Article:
Friday, 20 December 2013



The most ominous trend in terrorism is also 
a matter of technology. With the end of the Cold
War, weapons of mass destruction have slipped from their traditional controls. If nuclear biological, or chemical weapons are  not yet available to terrorist organizations and the states that support them they soon will be. The proliferation of mass destruction technologies and of groups that actively seek to inflict mass casualties has forever changed there face of terrorism. This confluence of means and will is a benchmark development that has qualitatively changed the nature of the terrorist challenge. According to members of both the Futurist and Terrorist Advisory Boards, assembled by Forecasting International an improvised nuclear, biological, or chemical attack on the United States is increasingly probable perhaps within the next five years.
Though North Korea's weapons program represents a pressing concern, the former Soviet Union and its one time satellite states present the greater risk. In North Korea, such weapons remain under there firm control of a strong central government, whose willingness to distribute them is a troubling possibility, but is not yet clear. In many former communist states control over many of these weapons has been so badly weakened that it may not matter what their central government intends.
The weapons themselves may also be an immediate danger. While strategic nuclear weapons remain too well guarded tto be stolen or sold, tactical weapons lie scattered across what is left of the Soviet Union. Controls over these weapons are reportedly lax, and there is little hope that they will remain where soviet troops left them. A single artillery round could provide enough material for a crude but effective nuclear device, particularly if it were designed for contamination rather than for use as a conventional nuclear weapon.
Chemical and biological weapons are even easier to acquire. Neurotoxins are closely related to many pesticides. Anyone capable of making common agricultural chemicals can make these poisons. As early as 1972, American authorities broke an ultra right wing terrorist organization and discovered a weapons cache that included 80 pounds of botulin toxin, a deadly food poison. Today genetic engineering is sophisticated enough to produce even more virulent, custom tailored pathogens. With such technology within the reach of many would be terrorists this is one form of proliferation that no one can even hope to prevent.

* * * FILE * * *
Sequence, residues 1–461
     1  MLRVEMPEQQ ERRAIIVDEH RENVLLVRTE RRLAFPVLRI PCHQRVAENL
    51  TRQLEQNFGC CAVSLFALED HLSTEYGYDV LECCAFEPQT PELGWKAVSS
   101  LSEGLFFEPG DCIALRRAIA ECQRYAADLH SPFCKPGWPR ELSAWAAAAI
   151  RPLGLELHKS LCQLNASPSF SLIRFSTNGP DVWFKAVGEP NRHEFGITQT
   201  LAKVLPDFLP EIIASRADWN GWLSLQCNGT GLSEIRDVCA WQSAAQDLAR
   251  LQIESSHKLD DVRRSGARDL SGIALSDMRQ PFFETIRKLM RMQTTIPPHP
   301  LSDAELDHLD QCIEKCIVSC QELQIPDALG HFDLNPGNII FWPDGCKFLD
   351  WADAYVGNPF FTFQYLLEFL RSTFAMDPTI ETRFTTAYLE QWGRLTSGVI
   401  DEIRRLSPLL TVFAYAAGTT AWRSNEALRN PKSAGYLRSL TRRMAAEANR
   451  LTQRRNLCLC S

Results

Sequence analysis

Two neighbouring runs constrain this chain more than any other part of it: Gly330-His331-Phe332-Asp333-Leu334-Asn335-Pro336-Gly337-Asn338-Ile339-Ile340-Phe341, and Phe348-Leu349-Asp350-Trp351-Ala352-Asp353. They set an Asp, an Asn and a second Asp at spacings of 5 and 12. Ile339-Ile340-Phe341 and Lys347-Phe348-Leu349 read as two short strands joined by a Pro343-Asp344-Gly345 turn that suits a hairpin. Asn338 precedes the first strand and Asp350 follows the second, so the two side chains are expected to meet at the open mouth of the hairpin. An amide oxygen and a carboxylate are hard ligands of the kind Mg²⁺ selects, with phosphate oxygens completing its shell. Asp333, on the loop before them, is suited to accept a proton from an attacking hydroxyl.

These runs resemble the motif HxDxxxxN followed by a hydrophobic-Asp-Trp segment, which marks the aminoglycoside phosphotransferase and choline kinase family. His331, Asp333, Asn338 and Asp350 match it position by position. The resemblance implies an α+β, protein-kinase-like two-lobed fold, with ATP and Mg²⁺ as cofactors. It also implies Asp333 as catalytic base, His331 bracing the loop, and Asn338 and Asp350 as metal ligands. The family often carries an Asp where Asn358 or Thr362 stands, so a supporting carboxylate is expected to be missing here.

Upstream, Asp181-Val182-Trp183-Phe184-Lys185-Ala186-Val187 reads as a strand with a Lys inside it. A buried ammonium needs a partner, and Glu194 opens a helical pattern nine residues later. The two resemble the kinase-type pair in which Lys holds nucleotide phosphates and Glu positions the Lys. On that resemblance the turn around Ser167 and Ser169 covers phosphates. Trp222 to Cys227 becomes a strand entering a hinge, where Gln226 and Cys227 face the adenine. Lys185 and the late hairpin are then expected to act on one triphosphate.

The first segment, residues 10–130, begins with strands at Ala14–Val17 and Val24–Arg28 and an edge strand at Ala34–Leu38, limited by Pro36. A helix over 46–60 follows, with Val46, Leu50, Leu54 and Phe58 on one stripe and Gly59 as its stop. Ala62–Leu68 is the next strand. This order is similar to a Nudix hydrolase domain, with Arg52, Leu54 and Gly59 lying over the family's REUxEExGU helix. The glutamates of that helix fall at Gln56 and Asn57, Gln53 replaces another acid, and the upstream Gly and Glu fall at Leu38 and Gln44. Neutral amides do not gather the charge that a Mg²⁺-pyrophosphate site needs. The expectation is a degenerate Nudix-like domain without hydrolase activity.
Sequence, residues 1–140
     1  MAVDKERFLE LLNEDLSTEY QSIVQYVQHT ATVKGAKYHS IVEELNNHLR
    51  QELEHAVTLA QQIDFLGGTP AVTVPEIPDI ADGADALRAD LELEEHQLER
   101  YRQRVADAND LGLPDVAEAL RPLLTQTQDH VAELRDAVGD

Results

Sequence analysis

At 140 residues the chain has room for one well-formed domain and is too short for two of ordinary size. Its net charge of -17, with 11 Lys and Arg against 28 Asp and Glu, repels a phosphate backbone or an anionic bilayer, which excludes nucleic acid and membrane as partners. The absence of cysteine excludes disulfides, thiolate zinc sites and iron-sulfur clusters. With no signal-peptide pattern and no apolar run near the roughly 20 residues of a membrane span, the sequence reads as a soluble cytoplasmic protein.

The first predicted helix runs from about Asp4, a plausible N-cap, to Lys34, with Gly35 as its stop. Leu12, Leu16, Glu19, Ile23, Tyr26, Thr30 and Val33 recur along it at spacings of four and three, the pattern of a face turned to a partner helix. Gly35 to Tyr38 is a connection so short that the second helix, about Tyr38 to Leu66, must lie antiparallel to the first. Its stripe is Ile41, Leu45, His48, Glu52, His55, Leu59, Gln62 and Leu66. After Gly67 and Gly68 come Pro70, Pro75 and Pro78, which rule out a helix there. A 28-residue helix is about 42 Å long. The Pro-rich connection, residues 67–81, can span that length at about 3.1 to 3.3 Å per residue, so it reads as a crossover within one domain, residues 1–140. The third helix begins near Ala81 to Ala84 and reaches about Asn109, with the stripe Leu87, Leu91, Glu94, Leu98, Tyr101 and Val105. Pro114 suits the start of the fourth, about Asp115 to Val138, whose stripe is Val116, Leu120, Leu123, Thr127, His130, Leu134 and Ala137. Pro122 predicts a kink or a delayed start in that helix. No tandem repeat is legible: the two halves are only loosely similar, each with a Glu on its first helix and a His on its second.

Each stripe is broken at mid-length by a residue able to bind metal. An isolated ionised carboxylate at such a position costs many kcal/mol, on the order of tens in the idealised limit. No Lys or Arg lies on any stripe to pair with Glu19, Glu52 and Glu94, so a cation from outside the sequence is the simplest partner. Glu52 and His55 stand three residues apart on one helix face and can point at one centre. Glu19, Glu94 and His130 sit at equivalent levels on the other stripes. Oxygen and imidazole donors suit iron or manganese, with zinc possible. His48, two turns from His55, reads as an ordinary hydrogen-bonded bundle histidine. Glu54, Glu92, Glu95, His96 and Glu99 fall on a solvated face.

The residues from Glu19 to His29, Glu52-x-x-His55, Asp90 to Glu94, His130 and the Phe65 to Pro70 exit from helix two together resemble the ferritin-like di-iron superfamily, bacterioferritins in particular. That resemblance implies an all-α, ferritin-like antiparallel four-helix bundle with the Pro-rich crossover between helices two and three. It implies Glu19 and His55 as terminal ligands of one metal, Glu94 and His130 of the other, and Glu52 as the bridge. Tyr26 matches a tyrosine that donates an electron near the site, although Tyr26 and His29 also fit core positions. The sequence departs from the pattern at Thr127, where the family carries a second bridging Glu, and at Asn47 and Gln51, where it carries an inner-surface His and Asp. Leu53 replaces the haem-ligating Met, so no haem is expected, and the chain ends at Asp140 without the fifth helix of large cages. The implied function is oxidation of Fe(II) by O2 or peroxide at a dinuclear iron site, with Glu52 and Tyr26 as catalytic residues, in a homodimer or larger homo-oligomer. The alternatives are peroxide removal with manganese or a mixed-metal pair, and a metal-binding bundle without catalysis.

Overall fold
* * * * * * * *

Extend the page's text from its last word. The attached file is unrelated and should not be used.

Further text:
Easy access to biological chemical and nuclear technologies will bring many new players to the game of mass destruction. They may not even be limited to states and traditional terrorist groups. Organized crime,  fanatical single issue groups, and even individuals will all be able to acquire weapons once limited to regional and world powers.
  Using chemical or nuclear type weapons effectively would be easy too. For example if the World Trade Center bombers had packed their van with cobalt 60 or iodine 131 (both commonly available in medical and industrial laboratories), they might well have rendered New York's financial district uninhabitable for generations. Pulmonary an therax kills 99% of the victims it infects and only a few grams would be needed to kill virtually everyone in a major government office complex. If released in a subway tunnel there convection currents created by the passing trains would carry the spores through the system to be inhaled by thousands of commuters. Clinging to people's clothing the anthrax spores would also be spread through offices, public buildings, and suburban homes. Thousands would die. It would be days before we even knew we had been attacked and it would be virtually impossible to assign blame.
Those weapons will be used and not only because once possessed they represent an overwhelming temptation but because in the United States particularly the public pays attention only to the spectacular. A year after the World Trade Center bombing the blast was little more than a dim memory to be revived only briefly when the perpetrators were brought to trial. 
 Future terrorists will find that they need ever more spectacular horrors to overcome people's capacity to absorb and forget what previously would have seemed intolerable.
In the past other concerns would have restrained terrorist from using weapons of mass destruction. Politically motivated terrorists require popular support to function. That support is seldom as committed or ruthless as the violent core of a terrorist movement and the true extremists must temper their actions so as to avoid alienating the sympathies of those they hope to recruit as well as those who provide money and logistical support. But for many of those now embarking on terrorist careers those restraints do not apply.

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